Our third page contains a large “John Dee”-like 20×20 square table, where each grid square contains individual cipher letters. The table has an array of red dots gridded within it, where each of the 16 internal red dots is surrounded by a letter repeated four times in a 2×2 block. Red dots near the sides all have two dotted square characters on the edge beside them, apart from a single one near the top right, suggesting a possible copying error. There is also a single correction (near the top left of the 20×20 table) made in the presentation hand.

The support material appears to be handmade paper (I don’t have access to them to look for a watermark, sorry!), while the inks for the two hands appear to be quite different. Though I can’t prove it, I suspect that the larger presentation hand was written using a quill pen (suggesting genuine age or some kind of ceremonial presentation aspect) while the smaller annotation hand was written several decades later with a metal nib. They could possibly have been written by the same person using different pens, but differences between the two hands argue against this.

My initial dating hunch was the first layer could well be 16th century and the second layer 17th century: but having said that, the whole thing could just as well be much more recent and instead have been deliberately written in that way to make it appear ‘venerable’ and old-looking. (More on this below.)

The Blitz Cipher Alphabet

The letter forms are clear, distinct, and upright: the presence of triangles, squares and circles and various inversions perhaps points to a cryptographer with a mathematical or geometric education. It’s closer to a demonstration alphabet (designed for show) than a tachygraphic script (designed for repeated large scale use). Here’s the provisional transcription key I’ve been working with:-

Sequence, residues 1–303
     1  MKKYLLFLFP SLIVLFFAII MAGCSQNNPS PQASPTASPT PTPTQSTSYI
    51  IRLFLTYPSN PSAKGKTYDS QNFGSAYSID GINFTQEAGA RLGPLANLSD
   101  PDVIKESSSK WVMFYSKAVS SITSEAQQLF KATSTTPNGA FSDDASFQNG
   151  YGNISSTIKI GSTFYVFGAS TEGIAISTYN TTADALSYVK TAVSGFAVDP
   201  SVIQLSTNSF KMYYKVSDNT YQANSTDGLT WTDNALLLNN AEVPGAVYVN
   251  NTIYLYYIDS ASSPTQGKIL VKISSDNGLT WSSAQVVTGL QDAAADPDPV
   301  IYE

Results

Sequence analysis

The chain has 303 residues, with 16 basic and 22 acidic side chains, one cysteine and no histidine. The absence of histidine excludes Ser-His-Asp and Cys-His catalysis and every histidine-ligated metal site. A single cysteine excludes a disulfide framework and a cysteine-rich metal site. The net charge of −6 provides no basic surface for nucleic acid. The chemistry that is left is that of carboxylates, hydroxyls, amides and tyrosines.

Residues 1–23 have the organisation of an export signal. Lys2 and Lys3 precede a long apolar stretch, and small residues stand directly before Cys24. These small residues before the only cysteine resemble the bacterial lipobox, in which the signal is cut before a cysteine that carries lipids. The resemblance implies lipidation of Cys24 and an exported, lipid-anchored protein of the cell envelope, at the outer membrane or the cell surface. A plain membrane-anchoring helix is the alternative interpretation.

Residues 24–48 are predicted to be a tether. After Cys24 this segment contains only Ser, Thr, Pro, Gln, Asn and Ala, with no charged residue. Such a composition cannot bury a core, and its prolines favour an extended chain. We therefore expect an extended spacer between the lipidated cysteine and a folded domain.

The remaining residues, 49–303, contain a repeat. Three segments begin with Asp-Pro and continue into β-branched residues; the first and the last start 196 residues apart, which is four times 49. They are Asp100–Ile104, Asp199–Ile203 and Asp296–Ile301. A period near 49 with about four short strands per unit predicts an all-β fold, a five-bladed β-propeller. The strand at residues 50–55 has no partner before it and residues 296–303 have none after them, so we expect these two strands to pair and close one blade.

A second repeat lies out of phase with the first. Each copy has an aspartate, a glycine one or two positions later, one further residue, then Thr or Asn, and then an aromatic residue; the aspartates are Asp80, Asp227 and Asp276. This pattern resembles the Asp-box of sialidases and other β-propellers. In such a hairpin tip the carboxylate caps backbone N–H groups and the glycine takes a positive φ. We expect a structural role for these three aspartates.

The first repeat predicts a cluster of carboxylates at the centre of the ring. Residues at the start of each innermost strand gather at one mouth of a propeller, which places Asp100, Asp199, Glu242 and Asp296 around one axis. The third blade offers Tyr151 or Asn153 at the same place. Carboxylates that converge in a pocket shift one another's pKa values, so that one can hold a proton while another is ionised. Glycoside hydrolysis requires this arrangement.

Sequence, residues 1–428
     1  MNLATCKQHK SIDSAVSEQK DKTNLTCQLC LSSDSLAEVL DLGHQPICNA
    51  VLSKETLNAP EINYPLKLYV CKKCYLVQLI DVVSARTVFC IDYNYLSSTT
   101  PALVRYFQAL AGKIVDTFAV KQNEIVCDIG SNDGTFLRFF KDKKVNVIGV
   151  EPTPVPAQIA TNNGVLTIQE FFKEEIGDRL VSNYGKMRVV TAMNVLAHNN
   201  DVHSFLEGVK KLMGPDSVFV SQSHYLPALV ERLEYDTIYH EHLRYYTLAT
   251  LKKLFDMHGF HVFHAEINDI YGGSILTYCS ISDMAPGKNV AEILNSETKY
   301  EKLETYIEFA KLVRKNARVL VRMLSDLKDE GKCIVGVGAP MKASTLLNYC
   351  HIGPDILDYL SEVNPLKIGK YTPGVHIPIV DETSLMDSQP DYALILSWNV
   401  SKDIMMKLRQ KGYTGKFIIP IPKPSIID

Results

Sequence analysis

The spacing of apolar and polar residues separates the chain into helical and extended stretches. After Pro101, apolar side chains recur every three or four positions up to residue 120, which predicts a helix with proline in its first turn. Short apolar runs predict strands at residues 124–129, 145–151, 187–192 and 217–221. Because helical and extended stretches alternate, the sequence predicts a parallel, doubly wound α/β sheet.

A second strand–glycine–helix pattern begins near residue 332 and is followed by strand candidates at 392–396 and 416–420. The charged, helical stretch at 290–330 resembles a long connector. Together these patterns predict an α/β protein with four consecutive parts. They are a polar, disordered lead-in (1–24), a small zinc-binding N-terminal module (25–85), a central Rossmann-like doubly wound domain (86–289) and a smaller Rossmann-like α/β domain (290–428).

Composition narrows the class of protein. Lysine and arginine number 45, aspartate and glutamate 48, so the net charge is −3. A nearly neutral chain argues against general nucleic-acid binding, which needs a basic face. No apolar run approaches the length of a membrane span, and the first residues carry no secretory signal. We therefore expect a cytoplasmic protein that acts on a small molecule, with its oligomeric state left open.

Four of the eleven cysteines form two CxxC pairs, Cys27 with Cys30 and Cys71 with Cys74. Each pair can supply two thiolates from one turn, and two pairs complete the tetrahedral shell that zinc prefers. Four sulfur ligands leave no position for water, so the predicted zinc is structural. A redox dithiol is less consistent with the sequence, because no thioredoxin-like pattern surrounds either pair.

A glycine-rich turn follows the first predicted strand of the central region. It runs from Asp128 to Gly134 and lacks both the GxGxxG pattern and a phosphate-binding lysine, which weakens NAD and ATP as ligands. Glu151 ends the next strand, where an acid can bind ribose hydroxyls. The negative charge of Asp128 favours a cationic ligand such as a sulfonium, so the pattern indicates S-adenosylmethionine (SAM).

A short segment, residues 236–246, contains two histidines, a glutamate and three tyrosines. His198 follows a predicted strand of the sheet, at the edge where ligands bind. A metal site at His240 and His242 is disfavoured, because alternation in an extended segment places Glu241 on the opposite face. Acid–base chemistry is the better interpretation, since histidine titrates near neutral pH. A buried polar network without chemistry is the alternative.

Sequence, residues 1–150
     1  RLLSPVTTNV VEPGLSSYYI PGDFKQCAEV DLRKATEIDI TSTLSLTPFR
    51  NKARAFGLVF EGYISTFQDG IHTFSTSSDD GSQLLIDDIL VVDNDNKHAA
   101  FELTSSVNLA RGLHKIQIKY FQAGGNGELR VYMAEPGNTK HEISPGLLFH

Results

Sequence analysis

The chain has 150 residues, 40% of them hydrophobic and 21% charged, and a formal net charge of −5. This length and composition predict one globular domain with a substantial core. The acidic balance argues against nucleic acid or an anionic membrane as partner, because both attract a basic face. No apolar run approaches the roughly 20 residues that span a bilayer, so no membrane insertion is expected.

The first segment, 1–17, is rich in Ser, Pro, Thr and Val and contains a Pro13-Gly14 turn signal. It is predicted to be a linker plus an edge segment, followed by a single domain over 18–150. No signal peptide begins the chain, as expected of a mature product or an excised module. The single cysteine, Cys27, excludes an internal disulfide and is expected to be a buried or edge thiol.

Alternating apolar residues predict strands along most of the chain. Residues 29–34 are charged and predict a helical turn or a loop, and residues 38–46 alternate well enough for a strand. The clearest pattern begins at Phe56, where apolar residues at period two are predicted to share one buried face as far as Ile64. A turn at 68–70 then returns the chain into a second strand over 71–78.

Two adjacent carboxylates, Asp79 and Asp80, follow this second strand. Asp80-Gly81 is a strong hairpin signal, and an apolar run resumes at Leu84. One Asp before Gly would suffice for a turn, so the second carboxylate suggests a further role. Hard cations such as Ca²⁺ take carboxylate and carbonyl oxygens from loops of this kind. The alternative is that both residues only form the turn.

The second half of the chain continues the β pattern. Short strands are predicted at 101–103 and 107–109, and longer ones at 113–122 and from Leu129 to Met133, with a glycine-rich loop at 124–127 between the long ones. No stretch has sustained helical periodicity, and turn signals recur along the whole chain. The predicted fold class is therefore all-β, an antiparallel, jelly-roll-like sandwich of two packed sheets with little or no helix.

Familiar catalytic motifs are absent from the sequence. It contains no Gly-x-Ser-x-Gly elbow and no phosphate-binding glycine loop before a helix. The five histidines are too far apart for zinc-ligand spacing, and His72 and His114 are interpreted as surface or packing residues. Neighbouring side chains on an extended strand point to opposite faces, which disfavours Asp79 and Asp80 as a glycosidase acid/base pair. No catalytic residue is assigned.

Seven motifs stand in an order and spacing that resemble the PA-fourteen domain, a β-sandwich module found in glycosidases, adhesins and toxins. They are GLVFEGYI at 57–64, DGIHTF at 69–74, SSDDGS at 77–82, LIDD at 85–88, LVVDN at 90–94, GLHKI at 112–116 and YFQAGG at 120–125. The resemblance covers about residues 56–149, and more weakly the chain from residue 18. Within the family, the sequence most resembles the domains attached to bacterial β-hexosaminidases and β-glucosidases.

Despite some apparent ambiguities in how to parse or transcribe the various cipher shapes used, the fact that the 20×20 table has only a single letter in each cell is a fairly strong indication that each table cell contains a single cipher glyph, suggesting that about 50 distinct characters are in use. The text has a language-like character frequency distribution, with “:” [E] being the most frequently used character (the “tilted Jupiter glyph” [B] and the “joined-up-II glyph” [D] are #2 and #3 respectively). The “Greek phi glyph” [S] often appears at the start of lines and paragraphs.

I’ve shown all this to some cipher historians and codebreakers for their early reactions. Glen Claston notes that “the alphabet is based on the types of symbols used by astrologers, with a few I recognize as alchemical symbols“, though – inevitably contrariwise – I suspect this might well be a coincidence arising from the simple shapes and symmetries employed. Peter Forshaw suggests parallels with some geometric cipher shapes used in Della Porta’s “De furtivis literarum notis“, though Tony Gaffney similarly cautions that such “shapes were very common back then, the numerous ‘ciphers of diplomatic papers’ in the British Library are full of them“.

The Blitz Cipher System

As with the Voynich Manuscript, the peaky frequency distribution probably rules out complex polyalphabetic ciphers (such as Alberti’s code wheel and Vigenere cipher): yet it doesn’t obviously seem to be a simple monoalphabetic substitution in either English or Latin (but please correct me if I’m wrong!)